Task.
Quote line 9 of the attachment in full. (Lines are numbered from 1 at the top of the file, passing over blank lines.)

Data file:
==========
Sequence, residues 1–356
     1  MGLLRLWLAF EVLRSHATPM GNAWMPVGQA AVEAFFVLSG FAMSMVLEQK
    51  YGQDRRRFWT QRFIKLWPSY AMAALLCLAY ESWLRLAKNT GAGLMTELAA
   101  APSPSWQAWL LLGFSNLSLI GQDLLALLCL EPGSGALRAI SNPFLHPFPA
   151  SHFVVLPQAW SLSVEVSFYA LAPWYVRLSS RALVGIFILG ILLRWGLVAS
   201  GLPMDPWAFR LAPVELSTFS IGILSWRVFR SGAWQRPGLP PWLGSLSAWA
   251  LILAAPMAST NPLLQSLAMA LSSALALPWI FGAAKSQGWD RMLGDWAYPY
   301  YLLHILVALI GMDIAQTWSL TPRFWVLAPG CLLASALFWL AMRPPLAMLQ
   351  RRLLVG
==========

   351  RRLLVG